By: Mark Baum, Chief Collaboration Officer and Senior Vice President, Industry Relations, Food Marketing Institute
We now know that consumers are quickly becoming proficient with the digital tools at their disposal to make choices about what they will buy, how they will select what they want, when and where they will buy it, and how they will receive it.
It is incumbent on retailers and manufacturers to deliver on the promises we make to the now-digitally savvy consumer/shopper.
In 2017, FMI announced a multi-year partnership with Nielsen to better understand, and serve the digitally engaged food shopper. In addition to sizing the marketplace and its growth trajectory, we rolled out a new self-diagnostic tool that companies can use to evaluate their current state of readiness, to meet the “digital” needs of the engaged food shopper.
To date, through two rounds of assessments, more than 260 retailers and manufacturers have taken advantage of the tool and a number of others are in the process right now.
One thing we have all come to realize is that all practitioners share the challenge of the ‘Last Mile’. The sometimes very long and traditional supply chain that delivers a product from its producers or manufacturers, through wholesalers and retailers - the one (supply chain) we’re very familiar with - now seems like the easy part.
That last mile, from the retailer to the consumer - indeed, the most expensive mile - is the puzzle we are working to solve. Throughout the industry, a number of models are being tested and questions are being asked:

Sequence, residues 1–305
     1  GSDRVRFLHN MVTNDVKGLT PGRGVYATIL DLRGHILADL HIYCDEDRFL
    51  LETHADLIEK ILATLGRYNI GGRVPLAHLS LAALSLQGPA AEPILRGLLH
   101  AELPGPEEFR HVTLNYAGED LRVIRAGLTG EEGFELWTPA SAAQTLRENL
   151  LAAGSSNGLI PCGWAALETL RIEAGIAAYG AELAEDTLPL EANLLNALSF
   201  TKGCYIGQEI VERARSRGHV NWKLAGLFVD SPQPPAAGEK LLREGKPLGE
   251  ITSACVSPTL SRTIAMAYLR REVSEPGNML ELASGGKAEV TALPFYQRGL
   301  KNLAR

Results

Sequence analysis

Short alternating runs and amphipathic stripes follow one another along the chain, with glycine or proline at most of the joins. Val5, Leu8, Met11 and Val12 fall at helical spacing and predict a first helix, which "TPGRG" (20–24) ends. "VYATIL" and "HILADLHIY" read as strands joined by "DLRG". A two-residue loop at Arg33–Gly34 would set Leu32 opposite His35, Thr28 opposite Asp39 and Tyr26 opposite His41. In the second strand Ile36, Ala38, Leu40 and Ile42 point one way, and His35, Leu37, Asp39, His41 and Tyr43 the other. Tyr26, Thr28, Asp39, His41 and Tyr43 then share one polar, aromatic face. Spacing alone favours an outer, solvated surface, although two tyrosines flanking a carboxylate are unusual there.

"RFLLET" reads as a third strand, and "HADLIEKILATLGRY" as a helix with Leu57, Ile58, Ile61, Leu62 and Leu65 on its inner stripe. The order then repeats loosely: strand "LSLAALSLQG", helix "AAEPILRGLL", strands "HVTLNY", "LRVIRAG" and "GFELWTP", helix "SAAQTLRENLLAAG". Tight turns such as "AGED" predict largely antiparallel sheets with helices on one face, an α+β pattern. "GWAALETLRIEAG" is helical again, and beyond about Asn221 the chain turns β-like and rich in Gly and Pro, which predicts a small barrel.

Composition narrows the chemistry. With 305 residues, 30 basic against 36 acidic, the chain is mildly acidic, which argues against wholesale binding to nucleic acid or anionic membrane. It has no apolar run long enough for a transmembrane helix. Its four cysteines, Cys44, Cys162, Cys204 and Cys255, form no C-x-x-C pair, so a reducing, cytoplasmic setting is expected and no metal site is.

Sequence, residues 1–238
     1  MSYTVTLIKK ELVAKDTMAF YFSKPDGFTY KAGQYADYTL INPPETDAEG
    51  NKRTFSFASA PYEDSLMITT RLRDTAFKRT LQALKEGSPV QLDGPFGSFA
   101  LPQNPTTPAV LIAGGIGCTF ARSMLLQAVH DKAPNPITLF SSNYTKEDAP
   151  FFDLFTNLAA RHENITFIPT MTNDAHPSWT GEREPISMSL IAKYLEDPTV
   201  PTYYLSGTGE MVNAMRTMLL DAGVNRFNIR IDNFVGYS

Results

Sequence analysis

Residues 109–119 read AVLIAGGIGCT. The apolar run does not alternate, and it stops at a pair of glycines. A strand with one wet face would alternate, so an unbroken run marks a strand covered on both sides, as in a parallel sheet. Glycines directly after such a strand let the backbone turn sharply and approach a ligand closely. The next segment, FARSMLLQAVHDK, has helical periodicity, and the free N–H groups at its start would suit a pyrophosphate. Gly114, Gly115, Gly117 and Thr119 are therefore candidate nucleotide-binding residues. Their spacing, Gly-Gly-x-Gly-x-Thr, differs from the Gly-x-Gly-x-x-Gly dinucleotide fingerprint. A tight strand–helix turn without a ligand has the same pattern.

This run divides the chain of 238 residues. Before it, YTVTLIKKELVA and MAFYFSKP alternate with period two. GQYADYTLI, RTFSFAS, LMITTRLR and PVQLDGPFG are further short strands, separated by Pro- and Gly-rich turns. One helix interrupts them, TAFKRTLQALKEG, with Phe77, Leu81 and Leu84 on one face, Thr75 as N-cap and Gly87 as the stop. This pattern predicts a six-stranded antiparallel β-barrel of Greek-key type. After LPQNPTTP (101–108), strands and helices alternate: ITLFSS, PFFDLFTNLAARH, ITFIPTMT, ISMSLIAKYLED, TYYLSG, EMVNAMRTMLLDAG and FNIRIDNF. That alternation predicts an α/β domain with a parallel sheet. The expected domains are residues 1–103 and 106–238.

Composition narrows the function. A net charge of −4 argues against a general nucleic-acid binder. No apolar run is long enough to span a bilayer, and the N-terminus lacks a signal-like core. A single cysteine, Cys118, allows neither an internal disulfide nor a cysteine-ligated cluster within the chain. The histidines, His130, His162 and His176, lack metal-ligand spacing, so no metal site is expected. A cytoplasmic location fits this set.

- Is the click-and-collect model, in which a customer orders products online and then picks them up at a brick-and-mortar store, the best way to go? And, if so, where do they pick their purchases up? Inside the store? Do we deliver them to the customer’s car? Should we have staged mutually convenient but “off premise” locations for pick up?
- What about home delivery? Do we use our own employees and vehicles? Or do we outsource the service to third parties?
- Should we pick orders in store? Should we pick and deliver or pick, stage, and deliver?
- How do we decide which products are right to offer online and which are best made available only in-store?
- Do we charge a premium for these services? And, if so, what price will the customer tolerate for the convenience?
- What about meal kits? To what extent can they be customized and still be affordable to the customer?
- What are the opportunities that artificial intelligence technologies offer with regard to automatic replenishment, subscription models, and real-time decision making
- And what can and should we do to enhance and heighten the in-store experience as well?
All these questions and many more, are being asked, tested and evaluated. The answers are not yet clear, but they will be. They will be different for different companies and in different kinds of communities. And they will come to some food retailers faster than they will to others.
No matter what though, we will find the tools we can use to effectively and efficiently serve more of our customers in more and better ways all the time.
Attendees of this year’s Midwinter Executive Conference can listen to a panel discussion hosted by Nielsen that features two manufacturers and their key retailer partners sharing how they have improved speed-to-market, reduced the cost of doing business, tackled the last mile and, most importantly, focused on real growth. See the agenda.
FMI also recently announced a partnership with ShopTalk to create GroceryTalk, a new program designed to join the world’s largest conference for retail and ecommerce innovation.